Compare: A Journal of Comparative and International Education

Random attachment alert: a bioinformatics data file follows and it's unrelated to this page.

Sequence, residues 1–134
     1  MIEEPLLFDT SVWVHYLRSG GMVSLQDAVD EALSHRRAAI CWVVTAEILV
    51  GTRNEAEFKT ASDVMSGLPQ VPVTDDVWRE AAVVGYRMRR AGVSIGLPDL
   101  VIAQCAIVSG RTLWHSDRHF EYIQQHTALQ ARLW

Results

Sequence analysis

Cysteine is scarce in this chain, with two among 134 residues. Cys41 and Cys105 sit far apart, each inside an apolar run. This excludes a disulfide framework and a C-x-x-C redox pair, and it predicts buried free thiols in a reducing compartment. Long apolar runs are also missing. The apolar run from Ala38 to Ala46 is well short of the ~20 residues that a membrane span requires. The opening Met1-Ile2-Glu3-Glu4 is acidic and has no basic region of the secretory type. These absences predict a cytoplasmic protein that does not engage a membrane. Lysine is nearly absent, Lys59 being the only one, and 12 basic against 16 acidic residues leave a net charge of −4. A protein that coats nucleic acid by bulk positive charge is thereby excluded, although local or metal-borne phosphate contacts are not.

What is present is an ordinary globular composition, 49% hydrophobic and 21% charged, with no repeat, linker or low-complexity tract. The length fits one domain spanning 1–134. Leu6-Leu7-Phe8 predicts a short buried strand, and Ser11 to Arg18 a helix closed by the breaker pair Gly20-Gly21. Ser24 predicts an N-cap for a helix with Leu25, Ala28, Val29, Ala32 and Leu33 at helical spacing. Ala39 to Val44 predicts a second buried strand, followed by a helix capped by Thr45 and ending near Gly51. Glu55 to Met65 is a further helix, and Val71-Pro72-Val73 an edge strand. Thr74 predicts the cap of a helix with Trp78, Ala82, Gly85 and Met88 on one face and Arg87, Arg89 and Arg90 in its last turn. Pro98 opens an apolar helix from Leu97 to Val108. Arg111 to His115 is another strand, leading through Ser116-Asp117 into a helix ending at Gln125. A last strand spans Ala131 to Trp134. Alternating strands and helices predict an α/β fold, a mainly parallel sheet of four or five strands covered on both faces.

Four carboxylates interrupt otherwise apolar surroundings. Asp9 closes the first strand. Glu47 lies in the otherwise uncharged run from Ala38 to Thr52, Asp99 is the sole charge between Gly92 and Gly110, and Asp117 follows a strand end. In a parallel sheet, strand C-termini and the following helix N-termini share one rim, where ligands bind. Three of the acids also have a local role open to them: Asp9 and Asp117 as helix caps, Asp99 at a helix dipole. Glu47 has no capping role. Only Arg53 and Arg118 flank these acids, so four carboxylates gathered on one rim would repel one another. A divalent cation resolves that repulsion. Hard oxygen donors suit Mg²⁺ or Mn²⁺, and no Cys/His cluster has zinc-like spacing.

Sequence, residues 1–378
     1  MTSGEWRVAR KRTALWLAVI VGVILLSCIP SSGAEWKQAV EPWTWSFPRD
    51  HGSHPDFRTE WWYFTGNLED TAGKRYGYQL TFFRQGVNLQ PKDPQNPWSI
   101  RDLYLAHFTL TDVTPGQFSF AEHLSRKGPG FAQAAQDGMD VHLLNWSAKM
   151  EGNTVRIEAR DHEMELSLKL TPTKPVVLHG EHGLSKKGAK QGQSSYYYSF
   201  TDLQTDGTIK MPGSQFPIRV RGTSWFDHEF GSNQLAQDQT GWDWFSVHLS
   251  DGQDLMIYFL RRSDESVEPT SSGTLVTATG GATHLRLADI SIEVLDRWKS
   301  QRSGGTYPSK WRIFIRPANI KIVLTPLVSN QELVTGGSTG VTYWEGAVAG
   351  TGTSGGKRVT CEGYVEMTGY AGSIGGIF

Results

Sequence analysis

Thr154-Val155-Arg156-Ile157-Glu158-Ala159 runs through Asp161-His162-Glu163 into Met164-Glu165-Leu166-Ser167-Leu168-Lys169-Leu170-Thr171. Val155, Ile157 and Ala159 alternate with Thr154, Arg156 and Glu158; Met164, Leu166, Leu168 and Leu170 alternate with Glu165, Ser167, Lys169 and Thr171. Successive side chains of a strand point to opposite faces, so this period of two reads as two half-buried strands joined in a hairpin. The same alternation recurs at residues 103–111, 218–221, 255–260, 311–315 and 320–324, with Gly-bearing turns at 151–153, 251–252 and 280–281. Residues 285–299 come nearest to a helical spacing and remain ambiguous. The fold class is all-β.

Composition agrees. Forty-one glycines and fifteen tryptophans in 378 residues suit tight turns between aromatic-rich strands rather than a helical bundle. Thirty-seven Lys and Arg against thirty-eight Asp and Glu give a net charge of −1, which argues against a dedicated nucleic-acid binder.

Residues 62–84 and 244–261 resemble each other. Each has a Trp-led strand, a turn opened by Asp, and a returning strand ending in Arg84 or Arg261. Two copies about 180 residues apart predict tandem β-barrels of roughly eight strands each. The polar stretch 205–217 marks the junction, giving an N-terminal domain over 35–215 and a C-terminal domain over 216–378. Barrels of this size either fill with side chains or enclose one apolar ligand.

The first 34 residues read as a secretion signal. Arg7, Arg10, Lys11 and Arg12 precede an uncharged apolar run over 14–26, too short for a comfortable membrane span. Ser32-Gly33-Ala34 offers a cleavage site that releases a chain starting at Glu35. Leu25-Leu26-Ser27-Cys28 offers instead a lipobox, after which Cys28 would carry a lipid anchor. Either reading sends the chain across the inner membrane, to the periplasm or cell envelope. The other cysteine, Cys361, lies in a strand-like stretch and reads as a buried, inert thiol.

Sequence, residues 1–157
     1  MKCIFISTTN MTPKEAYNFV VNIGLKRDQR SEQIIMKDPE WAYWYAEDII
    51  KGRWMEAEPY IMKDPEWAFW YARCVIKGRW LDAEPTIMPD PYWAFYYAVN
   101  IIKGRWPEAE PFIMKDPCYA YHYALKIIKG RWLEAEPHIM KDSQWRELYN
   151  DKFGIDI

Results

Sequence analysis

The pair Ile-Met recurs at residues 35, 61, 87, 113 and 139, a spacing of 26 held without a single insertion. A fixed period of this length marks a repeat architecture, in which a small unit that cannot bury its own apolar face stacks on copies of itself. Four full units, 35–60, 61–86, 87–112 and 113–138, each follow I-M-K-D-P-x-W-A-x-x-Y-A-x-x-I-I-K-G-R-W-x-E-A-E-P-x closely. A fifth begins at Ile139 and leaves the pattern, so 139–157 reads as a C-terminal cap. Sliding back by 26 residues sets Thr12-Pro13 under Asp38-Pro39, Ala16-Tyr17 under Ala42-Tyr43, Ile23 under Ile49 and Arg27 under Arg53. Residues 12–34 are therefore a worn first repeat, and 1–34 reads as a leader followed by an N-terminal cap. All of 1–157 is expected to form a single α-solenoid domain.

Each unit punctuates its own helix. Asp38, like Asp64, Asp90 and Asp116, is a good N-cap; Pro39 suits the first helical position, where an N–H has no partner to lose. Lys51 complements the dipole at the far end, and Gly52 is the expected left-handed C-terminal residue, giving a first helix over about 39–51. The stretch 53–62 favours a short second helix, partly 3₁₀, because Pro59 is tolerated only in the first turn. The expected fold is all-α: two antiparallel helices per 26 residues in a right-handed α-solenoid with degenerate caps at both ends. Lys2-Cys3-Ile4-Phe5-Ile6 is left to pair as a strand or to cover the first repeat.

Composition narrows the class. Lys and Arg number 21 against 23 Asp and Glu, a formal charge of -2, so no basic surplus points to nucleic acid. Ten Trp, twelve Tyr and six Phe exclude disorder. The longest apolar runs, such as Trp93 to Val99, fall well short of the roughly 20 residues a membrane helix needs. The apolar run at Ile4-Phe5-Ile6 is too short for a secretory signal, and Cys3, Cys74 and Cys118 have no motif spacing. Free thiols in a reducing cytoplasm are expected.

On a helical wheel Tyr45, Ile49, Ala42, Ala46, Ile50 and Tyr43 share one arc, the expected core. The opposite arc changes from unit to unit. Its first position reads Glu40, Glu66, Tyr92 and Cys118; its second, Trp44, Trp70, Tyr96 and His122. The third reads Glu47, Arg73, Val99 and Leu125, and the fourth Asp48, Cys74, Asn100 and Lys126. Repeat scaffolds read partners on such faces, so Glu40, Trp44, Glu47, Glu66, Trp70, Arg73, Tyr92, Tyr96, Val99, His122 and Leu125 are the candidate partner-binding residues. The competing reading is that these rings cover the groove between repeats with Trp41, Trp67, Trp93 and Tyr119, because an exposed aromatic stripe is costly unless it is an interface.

Little attention has been paid to the role that low levels of cognitive development (or IQ) play among both left-behind children (LBCs) and children living with parents (CLPs) in the context of poor educational attainment in rural China. In this paper, we examine how general cognitive abilities contribute to the academic achievement gains of both LBCs and CLPs in poor areas of rural China. We measure the general cognitive ability of the 4,780 sample students using the Raven’s Standard Progressive Matrices (Raven IQ) and assess academic achievement using a curriculum-based mathematics exam. We find that IQ and left-behind status predict achievement gains for the average student. Among low-IQ students, however, left-behind status does not correlate with a change in achievement, suggesting that the migration of parents does not immediately/automatically translate into a loss of academic achievement for students with delays in their general cognitive ability.